Boasting two-time Academy Award nominee Naomi Watts (also currently of Twin Peaks) in the lead anti-heroine role, Gypsy is a purely mature drama that examines its central figure's lucrative work from an inside-out perspective -- without compromising for a broadcast network nor salaciously casual viewers.
Watts stars as Dr. Jean Holloway, a cognitive behavioral therapist whose professional success in treating sexual dysfunction is unpredictably fueled by her attachment to the same cause.
Holloway strides to balance her scales of commitment and satisfaction while struggling to keep her dependents in check. Her pattern of desire -- or potential addiction -- makes her develop excuses that would normally keep new acquaintances at arm's length or farther.
The therapist's compulsive behavior (gracefully pointed to in the series' opening episodes) might be called a "cycling" adaptation, keeping her clearly opposite roles in the world from direct conflict. The alternation between states lets her "filter" her patients constantly, re-understanding and re-orienting them as her own motives are drawn in new directions.
The common substance used to reset one's natural night/day cycle -- coffee -- serves as an added accelerator when Holloway's morning order is taken by Sidney (Sophie Cookson of Kingsman: The Secret Service and The Huntsman: Winter's War). Sidney has observational skill beyond Holloway's, and both she and the doctor eagerly play in the resulting conundrum.
Dr. Holloway's sessions, especially with frequent patient Sam (Karl Glusman of The Neon Demon, Nocturnal Animals), develop into a form of role play -- and Jean becomes increasingly dominant as her desires are better fulfilled.
Jean's husband Michael (Billy Crudup, known by comic book heads as Watchmen's Dr. Manhattan) is left to struggle to find harmony with a partner who's available to herself and her work more than her life at home. Crudup takes a prototypically blank role ("antihero's spouse") and adds a contrasting and believable perspective to Dr. Holloway's domestic appearances.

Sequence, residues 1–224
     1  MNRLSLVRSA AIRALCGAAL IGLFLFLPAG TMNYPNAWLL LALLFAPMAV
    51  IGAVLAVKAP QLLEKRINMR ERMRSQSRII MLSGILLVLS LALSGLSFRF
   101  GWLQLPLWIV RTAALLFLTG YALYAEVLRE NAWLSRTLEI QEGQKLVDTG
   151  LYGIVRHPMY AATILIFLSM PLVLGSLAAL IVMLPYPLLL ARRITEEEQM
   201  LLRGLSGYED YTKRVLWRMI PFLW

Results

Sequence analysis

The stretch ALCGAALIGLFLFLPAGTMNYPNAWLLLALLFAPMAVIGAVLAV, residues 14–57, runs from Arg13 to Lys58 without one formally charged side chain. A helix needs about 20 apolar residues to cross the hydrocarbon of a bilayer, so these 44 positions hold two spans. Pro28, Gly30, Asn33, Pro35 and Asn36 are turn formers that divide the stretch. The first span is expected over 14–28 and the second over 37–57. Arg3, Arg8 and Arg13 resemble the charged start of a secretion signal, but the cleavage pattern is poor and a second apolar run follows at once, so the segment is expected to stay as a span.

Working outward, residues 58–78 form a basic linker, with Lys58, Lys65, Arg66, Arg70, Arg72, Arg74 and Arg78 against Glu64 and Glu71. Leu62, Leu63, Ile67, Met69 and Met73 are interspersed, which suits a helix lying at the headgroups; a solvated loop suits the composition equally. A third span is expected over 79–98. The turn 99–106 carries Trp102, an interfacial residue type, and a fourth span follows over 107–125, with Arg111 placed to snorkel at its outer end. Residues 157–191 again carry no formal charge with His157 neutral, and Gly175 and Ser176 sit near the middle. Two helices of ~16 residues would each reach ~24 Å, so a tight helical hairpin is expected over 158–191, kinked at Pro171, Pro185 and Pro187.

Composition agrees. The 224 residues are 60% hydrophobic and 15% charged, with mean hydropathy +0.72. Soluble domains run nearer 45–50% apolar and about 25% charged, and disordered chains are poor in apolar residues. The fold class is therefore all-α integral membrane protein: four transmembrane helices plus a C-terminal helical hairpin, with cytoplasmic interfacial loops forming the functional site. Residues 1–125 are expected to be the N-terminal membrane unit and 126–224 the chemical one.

Drawing headlines for the return of Fifty Shades of Grey director Sam Taylor-Johnson (who directs the first two episodes), Gypsy succeeds foremost in presenting a matured drive for both connection and anonymity without resorting to two-cent fantasy situations that left many unable to take the forgotten paperback sensation seriously.
The base of the success must be attributed to debut creator Lisa Rubin, who stated the goal precisely to The Guardian: "I thought it would be interesting to have a woman in her mid-forties being portrayed as desirable and desired, because the world is full of these women and yet we so rarely see them on television."
Stemming from her early success with David Lynch (originally on the intended television pilot of Oscar-nominated Mulholland Drive), Naomi Watts is the clear dream choice for the multifaceted role.
Through otherwise startling turns of motive, Holloway remains believable because of Watts' unique strength in keeping the character grounded within a single persona. Watts' roles (also crossing paths twice with two-time Best Director Oscar winner Alejandro González Iñárritu) have asked her to recast her character's motives constantly -- as her last Netflix appearance on BoJack Horseman demonstrated in just one memorable episode.
The answer to Netflix addicts' first question about Gypsy -- will you be able to keep the next chapter from autoplaying? -- depends if your attention span can keep up to the heady challenge. As a ten-hour series, viewers will be treated to a still-all-rare bird: an adult female perspective without exclusively male desire.
For the series to take hold, viewers can't be afraid to look closely or the effects won't last. Patience will be tested by the sheer variety of scenarios Holloway lands herself in, by choice or good fortune.
Gypsy, with Holloway's family affairs and patient interactions, takes viewers through relationships that can no longer be considered in binary terms -- neither by gender nor orientation -- and all adults are likely to face an uncomfortable memory or unrealized dissatisfaction if giving the series the attention it asks.
Holloway (through patients and family) constantly deals with the recent phenomenon of "screen time" while Netflix's streaming model holds viewers' screens longer than any others, and the development has changed her line of work as much as it's upended real life consumption habits.
Holloway's texts received alerts may give many the urge to look to their own second screens, but Gypsy is an open-ended concept that allows future seasons to turn up the excitement. Fans of Watts (or those who had loftier hopes for a genre that Fifty Shades failed to sustain) will want to place the series at the top of their queue.0comments
-- Zach Ellin is a freelance writer for PopCulture.com. Follow him on Twitter for more of his insights.
Photo Credit: Netflix